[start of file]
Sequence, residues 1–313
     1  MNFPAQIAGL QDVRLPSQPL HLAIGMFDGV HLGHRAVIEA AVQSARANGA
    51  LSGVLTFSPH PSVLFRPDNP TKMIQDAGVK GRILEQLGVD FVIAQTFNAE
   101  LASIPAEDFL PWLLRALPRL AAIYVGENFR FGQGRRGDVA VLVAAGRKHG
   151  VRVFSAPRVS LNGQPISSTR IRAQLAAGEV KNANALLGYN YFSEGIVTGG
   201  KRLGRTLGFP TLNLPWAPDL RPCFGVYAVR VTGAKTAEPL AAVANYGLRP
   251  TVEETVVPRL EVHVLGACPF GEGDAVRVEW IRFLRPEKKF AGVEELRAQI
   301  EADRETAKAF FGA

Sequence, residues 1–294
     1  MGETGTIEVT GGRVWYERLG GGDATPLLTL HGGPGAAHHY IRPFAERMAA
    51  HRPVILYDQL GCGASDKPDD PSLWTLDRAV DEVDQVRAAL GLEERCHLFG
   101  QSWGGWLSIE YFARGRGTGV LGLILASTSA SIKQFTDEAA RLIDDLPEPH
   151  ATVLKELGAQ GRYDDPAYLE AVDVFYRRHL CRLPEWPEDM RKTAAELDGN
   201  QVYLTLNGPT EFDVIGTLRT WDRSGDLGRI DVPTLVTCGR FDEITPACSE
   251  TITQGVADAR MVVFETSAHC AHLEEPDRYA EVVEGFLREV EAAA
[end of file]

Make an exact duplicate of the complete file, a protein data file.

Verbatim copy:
Sequence, residues 1–313
     1  MNFPAQIAGL QDVRLPSQPL HLAIGMFDGV HLGHRAVIEA AVQSARANGA
    51  LSGVLTFSPH PSVLFRPDNP TKMIQDAGVK GRILEQLGVD FVIAQTFNAE
   101  LASIPAEDFL PWLLRALPRL AAIYVGENFR FGQGRRGDVA VLVAAGRKHG
   151  VRVFSAPRVS LNGQPISSTR IRAQLAAGEV KNANALLGYN YFSEGIVTGG
   201  KRLGRTLGFP TLNLPWAPDL RPCFGVYAVR VTGAKTAEPL AAVANYGLRP
   251  TVEETVVPRL EVHVLGACPF GEGDAVRVEW IRFLRPEKKF AGVEELRAQI
   301  EADRETAKAF FGA

Sequence, residues 1–294
     1  MGETGTIEVT GGRVWYERLG GGDATPLLTL HGGPGAAHHY IRPFAERMAA
    51  HRPVILYDQL GCGASDKPDD PSLWTLDRAV DEVDQVRAAL GLEERCHLFG
   101  QSWGGWLSIE YFARGRGTGV LGLILASTSA SIKQFTDEAA RLIDDLPEPH
   151  ATVLKELGAQ GRYDDPAYLE AVDVFYRRHL CRLPEWPEDM RKTAAELDGN
   201  QVYLTLNGPT EFDVIGTLRT WDRSGDLGRI DVPTLVTCGR FDEITPACSE
   251  TITQGVADAR MVVFETSAHC AHLEEPDRYA EVVEGFLREV EAAA